Note: One would like to avoid this extra typing. There are approaches which automate template selection, e.g. as discussed at the IkiWiki website here, however they are not yet available in the default IkiWiki code base.


We already explored the different options of aggregating several pages with IkiWiki on this website.

Two templates come into play for formatting the various posts involved:

For simple lists of posts, like the example for a feed used above.
When concatenating several posts, e.g. the five most recent ones, with all their contents.

Note: there is also a microblog.tmpl template, which I have not used until now. Of course it will need a microformats upgrade too.

Accordingly I provide two modified template files which include the necessary microformats markup:

These are used in the respective inline directive in the template argument. Two live examples from the posts and the blog pages:

[[!inline  pages="page(blog/posts/*) and !*/Discussion"
show="5" feeds="no"
template="mf2-inlinepage" pageinfo]]
[[!inline  pages="page(./posts/*) and !*/Discussion"
archive=yes quick=yes trail=yes show=0
template="mf2-archivepage" pageinfo]]

But this does not give us a feed markup!

Ideally the inline directive should create the microformats markup for h-feed by itself. This would need a major change in IkiWiki’s code base and of course has to be discussed with the IkiWiki authors and community. In the meantime I wrote a wrapper template: h-feed, which can be used to enclose an inline directive and wraps the rendered post list into a h-feed tagged <div>.

Note: it is not trivial to mark up the h-feed automatically. Feeds have required and optional elements which might be made visible or not on the page. The question is, how would the inline directive know which information to show whether to put it on top or below of the list of posts and which text to wrap it into - think multiple languages. A possible solution would be a feedtemplate parameter with which you can select a template wrapping the in-lined pages. The you can adapt the template to your taste. A default template provided by IkiWiki could be similar to the h-feed template.

Finally for the lazy readers: here comes the complete live example for h-feed. We’ll show the archivepage example (simple list of posts):

[[!template  id=h-feed.mdwn
name="MagmaSoft Tech Blog: all posts list"
[[!inline pages="page(./posts/*) and !*/Discussion"
archive=yes quick=yes trail=yes show=0
template="mf2-archivepage" pageinfo]]


Pageinfo: more data for templates

IkiWiki runs several passes to compile the given wiki source tree into html pages. During these passes a lot of meta data is gathered for each wiki page. However, as explained in a forum post, IkiWiki does not supply much of this information in the template or inline directive.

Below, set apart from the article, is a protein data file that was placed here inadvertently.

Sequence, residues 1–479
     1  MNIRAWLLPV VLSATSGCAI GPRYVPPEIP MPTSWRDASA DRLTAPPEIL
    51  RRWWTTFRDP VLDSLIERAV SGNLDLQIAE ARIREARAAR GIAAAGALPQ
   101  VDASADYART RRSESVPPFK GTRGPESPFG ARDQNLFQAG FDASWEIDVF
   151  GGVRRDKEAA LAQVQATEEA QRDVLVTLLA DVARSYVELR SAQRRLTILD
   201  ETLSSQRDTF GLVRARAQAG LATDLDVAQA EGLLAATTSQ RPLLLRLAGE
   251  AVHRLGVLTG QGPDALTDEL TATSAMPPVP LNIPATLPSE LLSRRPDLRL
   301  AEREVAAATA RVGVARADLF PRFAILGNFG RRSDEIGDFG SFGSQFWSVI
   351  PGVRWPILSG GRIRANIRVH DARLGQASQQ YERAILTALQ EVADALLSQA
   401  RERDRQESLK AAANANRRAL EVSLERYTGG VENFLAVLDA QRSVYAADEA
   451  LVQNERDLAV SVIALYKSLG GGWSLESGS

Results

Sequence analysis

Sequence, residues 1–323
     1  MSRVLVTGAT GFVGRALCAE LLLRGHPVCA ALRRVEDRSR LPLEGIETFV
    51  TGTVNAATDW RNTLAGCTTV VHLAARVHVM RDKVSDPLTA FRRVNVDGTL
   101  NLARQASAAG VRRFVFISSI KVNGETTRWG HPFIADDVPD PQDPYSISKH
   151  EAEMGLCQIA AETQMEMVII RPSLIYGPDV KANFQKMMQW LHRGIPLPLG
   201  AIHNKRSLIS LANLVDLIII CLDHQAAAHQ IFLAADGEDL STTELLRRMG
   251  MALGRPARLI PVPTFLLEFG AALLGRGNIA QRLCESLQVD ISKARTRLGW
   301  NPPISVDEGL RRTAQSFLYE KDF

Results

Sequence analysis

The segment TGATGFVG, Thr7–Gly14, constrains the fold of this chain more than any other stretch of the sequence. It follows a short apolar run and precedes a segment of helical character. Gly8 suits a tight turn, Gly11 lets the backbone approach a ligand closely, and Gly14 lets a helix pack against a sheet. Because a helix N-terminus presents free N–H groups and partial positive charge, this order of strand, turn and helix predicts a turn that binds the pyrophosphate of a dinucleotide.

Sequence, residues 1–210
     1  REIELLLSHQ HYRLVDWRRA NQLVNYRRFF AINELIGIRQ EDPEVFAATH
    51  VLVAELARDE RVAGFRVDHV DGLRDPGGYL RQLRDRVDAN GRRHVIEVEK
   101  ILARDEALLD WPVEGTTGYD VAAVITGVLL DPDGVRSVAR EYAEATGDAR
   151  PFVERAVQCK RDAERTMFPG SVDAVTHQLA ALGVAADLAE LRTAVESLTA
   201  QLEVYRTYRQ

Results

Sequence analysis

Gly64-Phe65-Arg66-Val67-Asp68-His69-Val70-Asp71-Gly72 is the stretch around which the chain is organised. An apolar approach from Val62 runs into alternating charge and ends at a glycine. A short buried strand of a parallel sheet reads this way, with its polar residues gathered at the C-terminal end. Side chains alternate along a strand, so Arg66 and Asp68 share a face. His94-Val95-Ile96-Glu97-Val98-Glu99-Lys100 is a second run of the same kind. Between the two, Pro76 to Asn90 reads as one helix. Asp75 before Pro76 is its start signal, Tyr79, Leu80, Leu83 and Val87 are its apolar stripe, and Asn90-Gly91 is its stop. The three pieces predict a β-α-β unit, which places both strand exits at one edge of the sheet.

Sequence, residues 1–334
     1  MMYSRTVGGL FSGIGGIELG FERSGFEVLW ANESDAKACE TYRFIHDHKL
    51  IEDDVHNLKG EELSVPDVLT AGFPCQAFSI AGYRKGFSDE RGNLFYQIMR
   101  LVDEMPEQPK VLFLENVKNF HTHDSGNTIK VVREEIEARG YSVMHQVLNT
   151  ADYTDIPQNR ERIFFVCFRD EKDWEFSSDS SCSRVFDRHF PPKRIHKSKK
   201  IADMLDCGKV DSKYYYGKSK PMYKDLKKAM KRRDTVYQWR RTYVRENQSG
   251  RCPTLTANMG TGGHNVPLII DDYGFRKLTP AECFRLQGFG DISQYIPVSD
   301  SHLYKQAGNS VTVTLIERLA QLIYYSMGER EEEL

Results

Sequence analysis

To harvest the meta data already available I prototyped a new “IkiWiki” feature, which I call pageinfo. It adds a new valueless parameter to the inline and the template directive as can seen in the above examples. If it is present, information in the global hash %pagestate is made available to the template as <TMPL_VAR variable.

Plugins can be written, which add information to %pagestate in early passes of the IkiWiki compiler.

The precise location for a given variable of a certain page in %pagestate is: $pagestate{$page}{pageinfo}{variable}

Note: This approach should be expanded somehow to take the information from the meta plugin into account.

Sample plugin: get_authors

The canonical way to declare authorship of an IkiWiki page is by using the ?meta directive with the author parameter. This is (sic) not available to templates or the inline directive. Additionally, you must set it by yourself manually for each page.

Since I am using a revision control system (rcs), the authorship information is already present in the wiki. So why repeat myself?

In the pageinfo prototype of IkiWiki two new rcs hooks are added, which gather the creator and the last committer of a file. The sample get_authors plugin uses this information with a map in the setup file to convert the rcs author information to the authors name and URL and provide them as author_name, author_url, modifier_name and modifier_url. These variables are present in the above described templates.

Note: I am not happy with this first attempt. It is rather heuristic and already needs two hooks to implement for each type of rcs. In a real world wiki a page can have a lot of contributors, not just the first and the last one. Should we care?

Show me the source

At you can find the pageinfo branch of the ikiwiki.git repository. In the same location you will find the ikiwiki-plugins repository with the plugin.